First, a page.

Message Boards Message Boards

GROUPS:

Suggestions for speeding up this plot?

Posted 2 years ago
2419 Views
|
7 Replies
|
6 Total Likes
|

Consider the code:

HairyStarfish[a_, plotpts_, thickness_, imagesize_] := ParametricPlot[{
                               Sum[(2/3)^k Sin[(3/2)^k t], {k, 0, a}],
                               Sum[(-(2/3))^k Cos[(3/2)^k t], {k, 0, a}]
                               }, {t, 0, 2^(a + 1) Pi}, MaxRecursion -> 5, Axes -> False, 
                PlotPoints -> plotpts, PlotStyle -> {Thickness[thickness], Black}, 
                PlotRange -> {{-2.5, 2.5}, {-2.5, 2.5}},  ImageSize -> {imagesize, Automatic}]
                HairyStarfish[11, 15000, 0.00004, 500]

enter image description here

I want to generate this plot at a = 25 for a large art print (interesting features emerge as a gets large). Computation time increases exponentially with each increment of the value a, since PlotPoints must be doubled to keep accuracy. I've been doing it piecewise so far, breaking {t, 0, 2^(a+1) Pi} up into segments, and then combining the plots later with ImageMultiply. I'm wondering if there's an efficient way to render several segments at once with parallelization and/or GPU. Or if anyone has general comments on a smarter way to render this plot.

So far, I've tried:

  • ParallelEvaluate, generating multiple plots at once on parallel kernels. But it is not any faster.
  • Pairing different values of MaxRecursion and PlotPoints. No significant speed increase.
  • Generating only half of the plot, then combing with it's mirror (since it is symmetric). But this only cuts time by a factor of 2.

Does ParametricPlot use the graphics card as wisely as possible? My graphics card is a 980ti with 6gb of vram and 704 cores, so I figure it should be able to speed up the rendering somewhat if I utilize it properly. I just got CUDALink installed... I've been reading about it, but I'm still pretty lost on how i could apply it here, if at all.

I've also considered purchasing a cluster computing package through gridMathematica, since the computation times are so high and it is parallelizable. But I want to make sure I'm attacking the problem as intelligently as possible before I go that route.

7 Replies

Your function definition contains errors and, probably, it must be

HairyStarfish[a_, plotpts_, thickness_, imagesize_] := 
 ParametricPlot[{Sum[(2/3)^k Sin[(3/2)^k t], {k, 0, a}], 
   Sum[(-(2/3))^k Cos[(3/2)^k t], {k, 0, a}]}, {t, 0, 2^(a + 1) Pi}, 
  MaxRecursion -> 5, Axes -> False, PlotPoints -> plotpts,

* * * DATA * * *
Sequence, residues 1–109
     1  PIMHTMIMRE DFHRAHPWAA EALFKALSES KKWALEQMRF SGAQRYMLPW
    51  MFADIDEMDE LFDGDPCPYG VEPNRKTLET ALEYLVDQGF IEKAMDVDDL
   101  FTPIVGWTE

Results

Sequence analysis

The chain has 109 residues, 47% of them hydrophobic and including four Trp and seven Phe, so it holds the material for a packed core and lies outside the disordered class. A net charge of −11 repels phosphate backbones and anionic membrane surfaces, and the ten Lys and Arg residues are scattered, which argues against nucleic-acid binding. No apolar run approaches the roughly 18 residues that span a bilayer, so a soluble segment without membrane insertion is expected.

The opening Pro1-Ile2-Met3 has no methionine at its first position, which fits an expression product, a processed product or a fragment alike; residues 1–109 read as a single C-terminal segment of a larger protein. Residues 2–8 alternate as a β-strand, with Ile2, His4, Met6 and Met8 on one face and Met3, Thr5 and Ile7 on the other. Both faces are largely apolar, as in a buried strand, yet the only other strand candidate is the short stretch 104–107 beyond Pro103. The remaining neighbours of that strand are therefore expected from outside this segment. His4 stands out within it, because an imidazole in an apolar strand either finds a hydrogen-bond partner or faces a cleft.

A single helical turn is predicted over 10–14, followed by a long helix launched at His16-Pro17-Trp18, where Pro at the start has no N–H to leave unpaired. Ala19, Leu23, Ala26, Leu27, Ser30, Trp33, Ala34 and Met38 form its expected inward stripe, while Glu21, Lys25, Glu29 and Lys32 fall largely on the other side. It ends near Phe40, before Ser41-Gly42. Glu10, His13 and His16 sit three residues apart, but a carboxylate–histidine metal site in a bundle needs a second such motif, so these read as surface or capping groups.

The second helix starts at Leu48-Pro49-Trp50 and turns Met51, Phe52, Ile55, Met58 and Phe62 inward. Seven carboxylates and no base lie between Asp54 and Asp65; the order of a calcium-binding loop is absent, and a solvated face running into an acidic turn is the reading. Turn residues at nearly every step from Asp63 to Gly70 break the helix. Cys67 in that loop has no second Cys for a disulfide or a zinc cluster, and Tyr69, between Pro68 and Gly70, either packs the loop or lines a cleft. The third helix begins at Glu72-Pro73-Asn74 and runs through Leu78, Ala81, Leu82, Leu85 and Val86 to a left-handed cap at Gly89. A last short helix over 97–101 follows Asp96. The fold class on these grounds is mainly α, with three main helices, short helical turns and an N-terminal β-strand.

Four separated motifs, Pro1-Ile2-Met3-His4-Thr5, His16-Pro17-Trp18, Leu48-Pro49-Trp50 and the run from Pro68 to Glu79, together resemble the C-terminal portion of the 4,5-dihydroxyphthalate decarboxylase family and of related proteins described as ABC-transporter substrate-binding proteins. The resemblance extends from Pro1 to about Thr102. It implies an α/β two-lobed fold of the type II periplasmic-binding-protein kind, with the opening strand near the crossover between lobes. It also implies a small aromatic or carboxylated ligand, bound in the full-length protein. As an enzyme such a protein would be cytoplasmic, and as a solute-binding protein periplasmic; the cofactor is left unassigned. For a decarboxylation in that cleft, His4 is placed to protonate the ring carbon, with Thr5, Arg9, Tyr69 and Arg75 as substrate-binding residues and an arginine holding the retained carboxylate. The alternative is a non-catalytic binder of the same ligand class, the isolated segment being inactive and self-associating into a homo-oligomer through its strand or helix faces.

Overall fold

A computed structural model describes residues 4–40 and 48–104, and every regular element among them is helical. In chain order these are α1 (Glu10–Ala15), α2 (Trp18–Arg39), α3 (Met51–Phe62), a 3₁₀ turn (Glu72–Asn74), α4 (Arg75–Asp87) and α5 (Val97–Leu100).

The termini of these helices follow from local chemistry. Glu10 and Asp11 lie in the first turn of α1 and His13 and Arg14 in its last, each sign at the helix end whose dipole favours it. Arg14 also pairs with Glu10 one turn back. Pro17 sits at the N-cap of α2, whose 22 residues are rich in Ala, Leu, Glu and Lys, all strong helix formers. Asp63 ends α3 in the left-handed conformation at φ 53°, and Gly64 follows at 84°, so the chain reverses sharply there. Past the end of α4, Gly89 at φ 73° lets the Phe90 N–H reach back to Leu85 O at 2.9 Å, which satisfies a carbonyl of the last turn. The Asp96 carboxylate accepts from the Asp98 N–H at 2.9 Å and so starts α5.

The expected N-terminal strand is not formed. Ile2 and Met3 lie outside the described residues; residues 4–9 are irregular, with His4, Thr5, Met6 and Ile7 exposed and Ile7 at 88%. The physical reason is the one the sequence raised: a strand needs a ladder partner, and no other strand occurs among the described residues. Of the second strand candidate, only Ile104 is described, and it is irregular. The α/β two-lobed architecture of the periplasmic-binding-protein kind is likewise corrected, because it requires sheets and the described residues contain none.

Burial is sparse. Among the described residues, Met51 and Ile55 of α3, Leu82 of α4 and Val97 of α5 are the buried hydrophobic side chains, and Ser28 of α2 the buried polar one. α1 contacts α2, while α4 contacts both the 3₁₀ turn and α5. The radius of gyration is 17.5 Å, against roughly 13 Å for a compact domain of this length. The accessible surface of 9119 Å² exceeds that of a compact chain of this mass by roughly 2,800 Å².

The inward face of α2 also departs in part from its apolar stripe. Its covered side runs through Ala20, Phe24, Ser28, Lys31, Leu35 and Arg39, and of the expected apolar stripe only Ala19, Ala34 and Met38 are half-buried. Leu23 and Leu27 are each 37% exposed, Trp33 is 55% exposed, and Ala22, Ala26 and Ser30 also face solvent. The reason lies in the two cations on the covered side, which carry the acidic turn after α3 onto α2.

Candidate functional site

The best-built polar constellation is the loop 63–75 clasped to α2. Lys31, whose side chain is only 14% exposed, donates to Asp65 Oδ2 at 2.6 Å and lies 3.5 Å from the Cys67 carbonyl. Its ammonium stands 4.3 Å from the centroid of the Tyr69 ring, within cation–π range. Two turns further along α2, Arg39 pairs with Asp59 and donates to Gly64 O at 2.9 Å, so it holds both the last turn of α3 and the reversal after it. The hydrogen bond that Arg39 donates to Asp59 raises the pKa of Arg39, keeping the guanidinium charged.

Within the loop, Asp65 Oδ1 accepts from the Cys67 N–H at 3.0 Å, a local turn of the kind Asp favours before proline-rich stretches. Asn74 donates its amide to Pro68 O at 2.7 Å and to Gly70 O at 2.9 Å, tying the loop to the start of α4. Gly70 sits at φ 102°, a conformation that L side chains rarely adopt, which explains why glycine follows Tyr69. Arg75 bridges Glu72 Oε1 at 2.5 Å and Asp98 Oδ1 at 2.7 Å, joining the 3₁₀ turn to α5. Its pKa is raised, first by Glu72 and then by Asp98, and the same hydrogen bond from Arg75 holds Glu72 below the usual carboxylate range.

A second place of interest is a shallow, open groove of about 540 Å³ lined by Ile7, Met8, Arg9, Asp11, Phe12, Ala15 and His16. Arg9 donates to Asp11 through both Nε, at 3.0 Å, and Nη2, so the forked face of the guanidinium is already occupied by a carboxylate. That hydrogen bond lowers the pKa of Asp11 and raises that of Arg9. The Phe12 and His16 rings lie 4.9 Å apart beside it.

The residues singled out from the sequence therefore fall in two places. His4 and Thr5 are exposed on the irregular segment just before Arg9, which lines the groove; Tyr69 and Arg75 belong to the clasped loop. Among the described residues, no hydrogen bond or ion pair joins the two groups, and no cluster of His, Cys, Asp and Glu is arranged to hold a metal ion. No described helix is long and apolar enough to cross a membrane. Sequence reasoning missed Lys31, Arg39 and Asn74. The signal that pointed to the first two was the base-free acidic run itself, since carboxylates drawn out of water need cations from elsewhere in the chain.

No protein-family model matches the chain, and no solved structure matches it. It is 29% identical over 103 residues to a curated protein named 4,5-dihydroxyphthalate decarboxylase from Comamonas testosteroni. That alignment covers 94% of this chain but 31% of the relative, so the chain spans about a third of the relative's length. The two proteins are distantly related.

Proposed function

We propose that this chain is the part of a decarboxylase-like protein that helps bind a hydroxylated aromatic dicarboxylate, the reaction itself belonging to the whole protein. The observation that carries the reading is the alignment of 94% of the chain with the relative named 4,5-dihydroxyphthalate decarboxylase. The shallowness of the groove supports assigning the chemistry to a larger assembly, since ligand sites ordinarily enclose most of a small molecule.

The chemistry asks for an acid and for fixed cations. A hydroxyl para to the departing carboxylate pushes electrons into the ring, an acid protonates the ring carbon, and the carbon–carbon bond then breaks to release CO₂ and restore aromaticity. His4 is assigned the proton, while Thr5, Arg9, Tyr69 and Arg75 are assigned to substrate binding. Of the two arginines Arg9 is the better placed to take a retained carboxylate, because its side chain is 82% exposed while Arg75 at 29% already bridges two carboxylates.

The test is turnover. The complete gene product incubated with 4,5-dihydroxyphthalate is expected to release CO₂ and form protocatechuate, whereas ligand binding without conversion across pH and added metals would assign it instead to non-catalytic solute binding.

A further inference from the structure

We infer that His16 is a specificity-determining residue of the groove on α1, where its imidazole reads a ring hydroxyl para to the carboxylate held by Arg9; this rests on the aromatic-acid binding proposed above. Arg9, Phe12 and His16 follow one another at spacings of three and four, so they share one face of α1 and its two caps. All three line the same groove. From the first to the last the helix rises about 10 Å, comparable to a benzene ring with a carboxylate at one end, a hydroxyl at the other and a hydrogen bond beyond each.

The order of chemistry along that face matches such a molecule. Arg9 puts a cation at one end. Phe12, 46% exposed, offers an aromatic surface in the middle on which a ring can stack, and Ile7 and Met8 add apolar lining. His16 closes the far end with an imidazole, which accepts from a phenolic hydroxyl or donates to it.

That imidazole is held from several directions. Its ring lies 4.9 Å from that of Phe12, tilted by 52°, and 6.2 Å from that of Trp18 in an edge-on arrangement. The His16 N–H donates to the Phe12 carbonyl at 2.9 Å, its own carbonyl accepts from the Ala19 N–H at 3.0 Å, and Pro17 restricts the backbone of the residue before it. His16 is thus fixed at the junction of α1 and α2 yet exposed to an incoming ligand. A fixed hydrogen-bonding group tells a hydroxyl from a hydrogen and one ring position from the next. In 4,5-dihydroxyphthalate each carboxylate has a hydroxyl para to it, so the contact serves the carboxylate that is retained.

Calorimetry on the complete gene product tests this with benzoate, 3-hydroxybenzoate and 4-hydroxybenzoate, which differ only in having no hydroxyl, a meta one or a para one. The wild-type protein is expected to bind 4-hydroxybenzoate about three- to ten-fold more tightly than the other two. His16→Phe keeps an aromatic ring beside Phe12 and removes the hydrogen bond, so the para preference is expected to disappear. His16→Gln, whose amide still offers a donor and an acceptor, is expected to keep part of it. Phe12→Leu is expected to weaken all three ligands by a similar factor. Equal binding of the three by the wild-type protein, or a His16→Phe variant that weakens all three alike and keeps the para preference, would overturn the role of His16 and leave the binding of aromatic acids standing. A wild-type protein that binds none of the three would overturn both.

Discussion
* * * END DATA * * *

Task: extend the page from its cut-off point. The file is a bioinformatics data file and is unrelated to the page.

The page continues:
PlotStyle -> {Thickness[thickness], Black}, 
  PlotRange -> {{-2.5, 2.5}, {-2.5, 2.5}}, 
  ImageSize -> {imagesize, Automatic}]

Am I right?

Posted 2 years ago

No Errors. The code just displayed as text instead of code for some reason. Fixed.

You may try ListPlot with ParallelTable, after you have estimated a reasonable increment for t that does not make you lose too much detail.

You also get it a bit faster by wrapping the inner bit into an Evaluate:

myHairyStarfish[a_, plotpts_, thickness_, imagesize_] := 
 ParametricPlot[
  Evaluate[{Sum[(2/3)^k Sin[(3/2)^k t], {k, 0, a}], 
    Sum[(-(2/3))^k Cos[(3/2)^k t], {k, 0, a}]}], {t, 0, 2^(a + 1) Pi},
   MaxRecursion -> 5, Axes -> False, PlotPoints -> plotpts, 
  PlotStyle -> {Thickness[thickness], Black}, 
  PlotRange -> {{-2.5, 2.5}, {-2.5, 2.5}}, 
  ImageSize -> {imagesize, Automatic}]

AbsoluteTiming[myHairyStarfish[11, 15000, 0.00004, 500]]

On my computer it goes from 5.75 secs to 2.94 secs.

Cheers,

Marco

You should consider the following: what takes longer - rendering the figure or computing the points? If computing the points is a significant time waste then consider separating it from plotting function and use Compile with options potential CompilationTarget -> "C" and Parallelization -> True. If this is for a poster, perhaps you do not want to render in front end and then export. Use Export right away and better to a vector format such as SVG or PDF. Not sure if all this is useful, just a train of thoughts.

Posted 2 years ago

Thank you. Yes, I generally Export directly to TIFF... I omitted for simplicity. Would SVG or PDF offer advantages over TIFF in this particular case? I'm new to the idea of a vector format.

Unfortunately, compilation does not appear to increase the speed. Although, I'm guessing I am doing something wrong, since I have never compiled anything before. Here is a comparison:

myHairyStarfish[a_, plotpts_, thickness_, imagesize_] := 
 ParametricPlot[
  Evaluate[{Sum[(2/3)^k Sin[(3/2)^k t], {k, 0, a}], 
    Sum[(-(2/3))^k Cos[(3/2)^k t], {k, 0, a}]}]
  , {t, 0, 2^(a + 1) Pi}, MaxRecursion -> 5, Axes -> False, 
  PlotPoints -> plotpts, PlotStyle -> {Thickness[thickness], Black}, 
  PlotRange -> {{-2.5, 2.5}, {-2.5, 2.5}}, 
  ImageSize -> {imagesize, Automatic}]

myHairyStarfish[11, 15000, 0.00004, 500]

takes 2.02 seconds.

cf = Compile[{t}, Sum[{(2/3)^k Sin[(3/2)^k t], (-(2/3))^k Cos[(3/2)^k t]}, {k, 0, 11}], 
CompilationTarget -> "C", Parallelization -> True]

ParametricPlot[
 cf[t]
 , {t, 0, 2^(11 + 1) Pi}, MaxRecursion -> 5, Axes -> False, 
 PlotPoints -> 15000, PlotStyle -> {Thickness[0.00004], Black}, 
 PlotRange -> {{-2.5, 2.5}, {-2.5, 2.5}}, 
 ImageSize -> {500, Automatic}]

takes 2.42 seconds.

But cf[t] still seems to be evaluating within ParametricPlot, so that's probably why. Is there a way to take cf[t] from cf[0] to cf[2^(a + 1) Pi] first, then plot it after?

Using compilation and machine real numbers may be tricky here. You are going to calculate Sin and Cos of numbers that are of the order of 10^12. Can you trust the results?

Reply to this discussion
Community posts can be styled and formatted using the Markdown syntax.
Reply Preview
Attachments
Remove
or Discard

Group Abstract Group Abstract